To help you reach an objective, informed decision, it’s essential to understand the benefits of having enough homeowners insurance coverage during the winter.

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    Coverage for emergencies

    Map out your insurance policies so that most winter-related accidents and injuries are covered. Otherwise, your hospital bills could skyrocket to several grand.

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    Claims for home repairs

    If your house gets damaged during a snowstorm, your insurer will likely cover most water and ice-related damages. Make sure to document all the repairs done.

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    Protection for your finances

    It’s good financial foresight to build an emergency fund for your household. However, delay your first withdrawal for as long as you can. If you don’t want your money to run dry quickly, you will do well to rely on insurance plans and policies instead.

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    Customizable policies

    Basic insurance plans often have rigid limitations. Fortunately, you can talk to your insurer about boosting your homeowners insurance policy. Make sure to address common winter weather risks.

Limits and Exclusions

Homeowners insurance covers several winter weather risks, but there are limitations. You can’t expect your policy to pay for everything that happens to your household or living space during a winter weather emergency. Familiarize yourself with the limitations. That way, you can draw up alternative solutions.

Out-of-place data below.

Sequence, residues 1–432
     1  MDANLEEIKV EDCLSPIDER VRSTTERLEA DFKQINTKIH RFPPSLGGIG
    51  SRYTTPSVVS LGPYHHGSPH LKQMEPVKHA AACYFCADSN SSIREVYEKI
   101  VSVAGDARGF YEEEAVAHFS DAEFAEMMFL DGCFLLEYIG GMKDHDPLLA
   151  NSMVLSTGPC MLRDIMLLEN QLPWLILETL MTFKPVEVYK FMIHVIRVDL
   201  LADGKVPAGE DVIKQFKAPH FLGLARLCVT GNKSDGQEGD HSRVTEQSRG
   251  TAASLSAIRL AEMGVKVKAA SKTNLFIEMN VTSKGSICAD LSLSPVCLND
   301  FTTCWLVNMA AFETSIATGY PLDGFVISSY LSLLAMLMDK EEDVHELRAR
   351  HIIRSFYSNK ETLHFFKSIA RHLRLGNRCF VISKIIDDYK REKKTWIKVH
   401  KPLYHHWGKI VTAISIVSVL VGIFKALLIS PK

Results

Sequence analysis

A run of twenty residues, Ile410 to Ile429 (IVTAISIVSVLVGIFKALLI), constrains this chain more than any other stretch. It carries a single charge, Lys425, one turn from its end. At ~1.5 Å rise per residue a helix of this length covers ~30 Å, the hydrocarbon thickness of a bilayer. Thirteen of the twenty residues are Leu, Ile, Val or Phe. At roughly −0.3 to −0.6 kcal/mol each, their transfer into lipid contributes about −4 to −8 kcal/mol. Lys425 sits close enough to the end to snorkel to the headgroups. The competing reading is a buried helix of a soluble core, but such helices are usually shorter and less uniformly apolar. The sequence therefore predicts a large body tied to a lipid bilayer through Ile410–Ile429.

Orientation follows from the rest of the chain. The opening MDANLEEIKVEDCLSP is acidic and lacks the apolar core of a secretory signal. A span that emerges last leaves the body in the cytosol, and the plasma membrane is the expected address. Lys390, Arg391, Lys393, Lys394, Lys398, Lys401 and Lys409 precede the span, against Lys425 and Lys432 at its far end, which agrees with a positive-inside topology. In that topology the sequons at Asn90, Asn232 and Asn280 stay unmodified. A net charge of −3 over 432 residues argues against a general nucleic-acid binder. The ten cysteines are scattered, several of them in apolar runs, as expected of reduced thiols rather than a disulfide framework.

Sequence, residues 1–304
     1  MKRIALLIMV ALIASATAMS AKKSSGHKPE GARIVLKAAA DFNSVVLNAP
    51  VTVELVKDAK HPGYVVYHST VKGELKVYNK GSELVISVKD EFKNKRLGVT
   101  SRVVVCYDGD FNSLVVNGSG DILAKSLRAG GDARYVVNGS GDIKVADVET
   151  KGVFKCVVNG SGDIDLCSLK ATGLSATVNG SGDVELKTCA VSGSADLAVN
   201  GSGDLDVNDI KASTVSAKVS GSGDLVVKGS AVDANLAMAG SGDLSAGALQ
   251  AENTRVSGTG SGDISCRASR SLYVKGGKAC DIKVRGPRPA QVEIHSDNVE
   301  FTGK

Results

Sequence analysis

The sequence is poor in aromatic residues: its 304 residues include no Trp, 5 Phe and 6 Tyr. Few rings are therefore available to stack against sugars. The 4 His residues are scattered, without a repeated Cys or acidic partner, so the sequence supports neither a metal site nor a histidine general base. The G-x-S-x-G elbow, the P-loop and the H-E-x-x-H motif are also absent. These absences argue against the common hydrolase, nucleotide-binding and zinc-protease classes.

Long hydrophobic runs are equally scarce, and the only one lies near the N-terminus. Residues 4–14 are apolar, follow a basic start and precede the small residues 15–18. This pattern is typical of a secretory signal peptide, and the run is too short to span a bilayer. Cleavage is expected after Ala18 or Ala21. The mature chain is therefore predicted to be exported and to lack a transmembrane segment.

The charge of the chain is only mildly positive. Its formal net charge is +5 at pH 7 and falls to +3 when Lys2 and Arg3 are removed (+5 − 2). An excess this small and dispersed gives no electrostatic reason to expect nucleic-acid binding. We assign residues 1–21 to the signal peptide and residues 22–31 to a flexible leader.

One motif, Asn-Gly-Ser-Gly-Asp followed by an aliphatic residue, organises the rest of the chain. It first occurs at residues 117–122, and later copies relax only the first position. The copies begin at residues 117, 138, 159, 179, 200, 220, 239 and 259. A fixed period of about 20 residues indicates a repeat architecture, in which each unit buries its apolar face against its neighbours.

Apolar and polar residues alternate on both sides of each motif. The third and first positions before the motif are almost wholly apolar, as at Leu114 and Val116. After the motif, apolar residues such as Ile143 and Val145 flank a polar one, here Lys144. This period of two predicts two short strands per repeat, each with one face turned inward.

For instance, homeowners insurance doesn’t cover power outages. If a storm hits your area with a blackout, you’re responsible for whatever damage it does to your home and the appliances inside it. Also, homeowners insurance doesn’t cover rainwater flooding. You likely can’t file a claim unless the water damage stems from a pipe burst.

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Review if you have a named or open peril policy. Many named policies have rigid exclusions on wind and hail damage, so you might have to upgrade your coverage.

How to Stay Safe During Extreme Cold Weather

Unless you live in one of the coldest states in the U.S., you likely won’t experience a thunder snowstorm. They only occur a couple of times per year. With that said, you still can’t wholly dismiss the risks, and it would significantly help if you and your loved ones knew what to do during a storm. Remember: Emergencies leave no room for error. Making even a small mistake could lead to grave, possibly fatal, accidents.

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Staying Safe Inside Your Home
  1. Monitor household members. Watch out for common signs of winter injuries and illnesses. Address the sick promptly.
  2. Winterize your home. Install insulation, repair ceiling/window drafts, fix roofing damages and clean out the pipes at least a few weeks before winter. Otherwise, you’ll put your house at additional risk.
  3. Hire a professional to check your heating system. Poorly maintained HVACs are fire hazards, especially if you have various electronic devices like appliances and holiday decor around your living space.
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Staying Safe Outside Your Home
  1. Travel with a responsible, trustworthy buddy that you can rely on during emergencies, especially during harsh winters. Brief them on your pre-existing medical conditions, so they know what to expect.
  2. Wear the appropriate winter clothing. Tightly woven scarves, insulated jackets, thick gloves and thick earmuffs will go a long way in keeping you warm.
  3. Walk and drive slowly. The roads are very slippery during the winter, especially if it snows where you live. Investing in winter tires can help keep you safe on the roads if you have a car. Although they can be pricey, a solid set will last several years.

Recognize Hypothermia Signs

  • Back and muscle pain: Shoveling snow for hours on end could take a toll on your back muscles.
  • Head injuries: Slip and fall accidents are higher during the wintertime. Watch out for head injuries and concussions since they’re sometimes hard to spot, especially if the injured has a hat.
  • Low body temperature: Patients suffering from hypothermia have abnormally low body temperatures, so they’ll feel cold, exhausted and on the brink of collapsing.